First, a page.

A Paperless Classroom???

You’re kidding right?  How can you have a school classroom without paper?

That’s right, though.  Mr. Curtis has a (mostly) paperless classroom.  Handouts are emailed.  Homework is online.  Classwork is digital.  We can have a language arts class without paper.

Okay, maybe you can’t be entirely paperless, but in Mr. Curtis’ room we strive to get away from paper for a few reasons.

Reason 1

That whole thing about the environment. 

Before you accuse me of going around hugging trees and all that sort of stuff, let’s just look at this problem logically.  We’ll just do a quick math problem.  A typical 6th grade language arts classroom might use 2-4 pieces of paper per kid on an average school day.  That’s copy paper, loose leaf paper, and notebook paper.  We write a lot in language arts, so we can use piles of paper very quickly.  Some days it’s less, but for some big projects we might use 8-10 pieces for each kid, so, to make it fair…

Let’s say we use 3 pieces a day per student.  Mr. Curtis usually has around 75 students a year, so that’s 225 pieces of paper a day.

Multiply 225 pieces a day by 180 school days.  That comes out to 40,500 pieces of paper!!! That’s just for language arts in my room, and doesn’t include the other 40+ teachers in the school.

There are 500 pieces of paper in a ream – that’s one of those packs that copy paper comes in.  That means a typical language arts classroom uses 81 reams of paper a year!!!

So what, right?  What does that really mean?

I recently read somewhere that you can make 17 reams of paper from an average tree, which means that a typical language arts classroom kills 4.8 trees per year.   Multiply that out by the 40 classrooms in our school and you have almost 200 trees each year getting chopped down for MIS homework – that’s a lot of squirrel homes.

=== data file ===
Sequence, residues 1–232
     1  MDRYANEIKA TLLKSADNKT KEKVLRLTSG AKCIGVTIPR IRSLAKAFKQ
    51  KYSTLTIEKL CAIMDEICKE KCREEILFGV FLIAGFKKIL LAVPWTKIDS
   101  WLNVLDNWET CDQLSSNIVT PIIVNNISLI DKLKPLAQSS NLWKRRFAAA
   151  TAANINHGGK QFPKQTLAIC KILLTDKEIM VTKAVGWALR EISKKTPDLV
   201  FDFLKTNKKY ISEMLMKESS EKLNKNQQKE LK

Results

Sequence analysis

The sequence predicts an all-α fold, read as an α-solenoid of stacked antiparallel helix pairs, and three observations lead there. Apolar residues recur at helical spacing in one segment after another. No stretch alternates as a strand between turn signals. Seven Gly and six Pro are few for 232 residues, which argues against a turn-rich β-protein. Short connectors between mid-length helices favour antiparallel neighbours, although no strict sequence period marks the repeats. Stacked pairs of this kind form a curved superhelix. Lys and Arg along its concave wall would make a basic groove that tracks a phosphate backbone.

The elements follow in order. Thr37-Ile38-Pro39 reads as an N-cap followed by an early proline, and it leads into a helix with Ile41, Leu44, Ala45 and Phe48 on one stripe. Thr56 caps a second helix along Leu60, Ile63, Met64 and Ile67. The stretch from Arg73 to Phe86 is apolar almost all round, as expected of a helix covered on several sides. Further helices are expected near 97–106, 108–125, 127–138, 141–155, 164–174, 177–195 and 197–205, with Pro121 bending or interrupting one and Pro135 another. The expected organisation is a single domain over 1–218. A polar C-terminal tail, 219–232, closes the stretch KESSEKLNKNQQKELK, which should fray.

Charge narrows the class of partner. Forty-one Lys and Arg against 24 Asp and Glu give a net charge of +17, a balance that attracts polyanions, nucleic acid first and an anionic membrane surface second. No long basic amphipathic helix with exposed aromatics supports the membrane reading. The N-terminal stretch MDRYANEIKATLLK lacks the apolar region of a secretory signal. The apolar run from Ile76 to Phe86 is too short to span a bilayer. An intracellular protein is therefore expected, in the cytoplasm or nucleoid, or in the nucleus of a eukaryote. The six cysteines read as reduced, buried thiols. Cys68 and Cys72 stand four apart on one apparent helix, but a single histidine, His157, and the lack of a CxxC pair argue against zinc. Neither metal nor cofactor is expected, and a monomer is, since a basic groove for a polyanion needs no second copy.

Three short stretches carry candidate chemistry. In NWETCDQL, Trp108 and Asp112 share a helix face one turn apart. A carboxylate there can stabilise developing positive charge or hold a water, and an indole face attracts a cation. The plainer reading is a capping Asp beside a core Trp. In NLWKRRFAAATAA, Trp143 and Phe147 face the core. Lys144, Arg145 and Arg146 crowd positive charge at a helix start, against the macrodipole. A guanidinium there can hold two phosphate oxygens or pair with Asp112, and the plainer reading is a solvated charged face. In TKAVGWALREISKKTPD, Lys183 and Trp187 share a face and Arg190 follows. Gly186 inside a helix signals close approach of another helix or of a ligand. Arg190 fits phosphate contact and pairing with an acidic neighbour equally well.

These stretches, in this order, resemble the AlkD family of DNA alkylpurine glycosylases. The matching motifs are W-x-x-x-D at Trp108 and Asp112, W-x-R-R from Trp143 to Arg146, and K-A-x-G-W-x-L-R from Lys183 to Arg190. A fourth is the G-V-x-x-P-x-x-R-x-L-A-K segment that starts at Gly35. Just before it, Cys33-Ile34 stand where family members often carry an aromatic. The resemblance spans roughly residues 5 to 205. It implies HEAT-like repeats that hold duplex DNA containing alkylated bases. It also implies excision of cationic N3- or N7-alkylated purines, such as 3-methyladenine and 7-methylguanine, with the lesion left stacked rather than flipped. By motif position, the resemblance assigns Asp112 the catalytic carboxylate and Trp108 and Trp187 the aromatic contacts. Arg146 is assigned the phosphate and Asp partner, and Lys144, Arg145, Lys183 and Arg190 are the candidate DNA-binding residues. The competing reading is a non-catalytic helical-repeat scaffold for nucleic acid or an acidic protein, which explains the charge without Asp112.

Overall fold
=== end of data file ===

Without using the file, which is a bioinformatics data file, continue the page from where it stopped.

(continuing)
I’ve never hugged a tree, but I like them. They make shade and oxygen and are fun to climb and squirrels live there, so if we can figure out a way to make language arts class work without the tree death, let’s do it.

 Reason 2


 Money is good.  Even though you can’t climb it and squirrels don’t live in it, it’s almost as good as trees.

A ream of paper costs, on average, about $5.50.

Let’s pretend that half the paper comes from the school copiers and half comes from the loose leaf paper and notebooks that parents buy at the start of the school year.  That’s 40.5 reams of paper or $222.75 less the school has to spend on paper AND it’s $222.75 back in the wallets of all the parents.  Divide that by 75 students now and you get only about $3.00 per student, so it doesn’t seem like a whole lot of money.  BUT, if you do the math the opposite way and think about $222.75 saved in one classroom and multiply that by the 40 classrooms at MIS, that’s $8,910.  Multiply that by 6 schools in the district and you get over $50,000, and that’s not even counting all the paper used in the offices, and it doesn’t count all the printer ink, copy machine toner, repairs, electricity…

Of course, that math has a lot of “what-ifs” and a few guesses involved in how much paper is used in every classroom, but it’s probably pretty close.

I can’t imagine what the schools could do with and extra 50K, but I know that if I could keep the 200 bucks my class saves each year,  I could buy a few more laptops or some cool books to share with students or I could save up for neat stuff like Flip video cameras, iPads, digital cameras, or one really awesome pizza party.

 Reason 3

21st Century Learning

My job as a teacher is to prepare kids for what’s next in their lives.  Reading is a vital skill, and being able to communicate your ideas in writing is something they’ll have to do later in life no matter what job they have, so it’s an important subject.   However, even though I love teaching English, I realize none of these kids are going to grow up to have a job where the boss comes to them each morning and demands, “I need you to take this worksheet and circle all the verbs on it, and I need it on my desk ASAP!!!”